This past week, it was announced that Jadeveon Clowney made his first Pro Bowl — more on this in a second. It was also announced that four Texans were named Pro Bowl alternates, including left tackle Duane Brown. Brown returned to action about a month into the season after spending the entire offseason and training camp rehabbing what could have been a career-ending quad injury he sustained in Week 17 last year. It cannot be overstated how remarkable it is that Duane Brown has not only returned from this injury, but returned playing at a level we haven't seen from him since Gary Kubiak was actually winning games here in 2012.
3. Jadeveon Clowney
Clowney was named to his first Pro Bowl this past week, and once again, on Saturday, he was arguably the best player on the field. It's funny; Clowney is making some big "splash" plays, but some of the most entertaining, breathtaking stuff he's done is off the ball in plays that have, ironically, ended poorly for the Texans. Against the Jags, it was on the Bortles touchdown where tackle Josh Wells bounced off of Clowney like a bug, and on Saturday, watch Clowney chase Brandon LaFell on his 86-yard touchdown catch and run...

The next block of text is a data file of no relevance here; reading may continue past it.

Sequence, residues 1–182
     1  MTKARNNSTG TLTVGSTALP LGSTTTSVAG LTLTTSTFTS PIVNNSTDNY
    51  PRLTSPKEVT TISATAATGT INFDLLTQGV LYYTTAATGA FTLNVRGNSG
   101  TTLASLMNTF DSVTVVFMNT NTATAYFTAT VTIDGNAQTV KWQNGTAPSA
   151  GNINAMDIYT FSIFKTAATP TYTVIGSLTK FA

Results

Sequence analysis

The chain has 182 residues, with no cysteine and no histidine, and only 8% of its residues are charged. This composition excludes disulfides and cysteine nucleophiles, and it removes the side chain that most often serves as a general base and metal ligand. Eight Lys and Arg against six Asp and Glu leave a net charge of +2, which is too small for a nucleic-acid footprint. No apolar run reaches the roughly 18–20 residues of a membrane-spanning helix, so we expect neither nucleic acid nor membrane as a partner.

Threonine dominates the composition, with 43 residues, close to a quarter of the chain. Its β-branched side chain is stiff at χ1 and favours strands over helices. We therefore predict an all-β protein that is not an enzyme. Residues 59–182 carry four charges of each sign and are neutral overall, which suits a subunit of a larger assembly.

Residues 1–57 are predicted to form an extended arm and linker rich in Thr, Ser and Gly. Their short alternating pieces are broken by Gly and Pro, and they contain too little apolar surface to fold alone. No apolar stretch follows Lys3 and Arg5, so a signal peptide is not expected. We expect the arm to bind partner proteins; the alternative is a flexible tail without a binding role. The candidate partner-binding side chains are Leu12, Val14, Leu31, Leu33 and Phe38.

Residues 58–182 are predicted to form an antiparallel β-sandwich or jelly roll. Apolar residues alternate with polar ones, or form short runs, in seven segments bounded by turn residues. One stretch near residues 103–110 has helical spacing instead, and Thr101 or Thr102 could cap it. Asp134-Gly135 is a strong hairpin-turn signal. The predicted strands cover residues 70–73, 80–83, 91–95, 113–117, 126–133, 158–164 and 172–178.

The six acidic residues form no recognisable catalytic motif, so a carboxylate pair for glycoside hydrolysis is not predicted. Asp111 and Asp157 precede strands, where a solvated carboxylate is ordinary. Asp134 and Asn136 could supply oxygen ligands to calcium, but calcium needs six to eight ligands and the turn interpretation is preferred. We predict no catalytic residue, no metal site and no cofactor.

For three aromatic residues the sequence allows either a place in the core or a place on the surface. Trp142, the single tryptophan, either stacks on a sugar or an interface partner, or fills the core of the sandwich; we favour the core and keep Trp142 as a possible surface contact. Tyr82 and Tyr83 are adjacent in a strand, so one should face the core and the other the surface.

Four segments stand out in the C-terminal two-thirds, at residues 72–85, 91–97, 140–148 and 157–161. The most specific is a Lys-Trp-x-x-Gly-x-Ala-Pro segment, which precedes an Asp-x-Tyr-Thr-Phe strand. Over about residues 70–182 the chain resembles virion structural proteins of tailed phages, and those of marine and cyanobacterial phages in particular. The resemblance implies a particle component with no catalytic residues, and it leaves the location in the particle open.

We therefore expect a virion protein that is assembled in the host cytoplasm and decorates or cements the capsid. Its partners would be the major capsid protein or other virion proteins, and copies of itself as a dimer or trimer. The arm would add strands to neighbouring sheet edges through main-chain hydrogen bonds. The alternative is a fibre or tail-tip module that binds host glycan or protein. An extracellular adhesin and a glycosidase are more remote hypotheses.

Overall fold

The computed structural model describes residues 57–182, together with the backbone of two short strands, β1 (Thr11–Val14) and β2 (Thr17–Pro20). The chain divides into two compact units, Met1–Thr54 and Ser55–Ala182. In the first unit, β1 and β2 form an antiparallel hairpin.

That's a DEFENSIVE END. Are you kidding me?
2. Tom Savage
Savage's stat line for this one was pretty ho-hum. On a night when there were all sorts of protection issues up front (more on this shortly), he managed to go 18 of 29 for 176 yards, no touchdowns, but no picks either. Make no mistake, Savage needs to do more (and be ASKED to do more) if the Texans are going to win a game or two in the postseason. That said, a) aesthetically, the Texans offense looks like Air Coryell compared to when Brock Osweiler was running it, which is saying something, considering they scored only 12 points, and b) for the second straight week, when the Texans HAD to have a touchdown drive, Savage was able to make enough throws to engineer a touchdown. On Saturday night, it was a four-play, 76-yard drive in response to the Bengals' only touchdown of the night. On that drive, Savage sandwiched passes to Will Fuller and DeAndre Hopkins around an 11-yard scramble of his own, all before Alfred Blue ran it in from 24 yards out.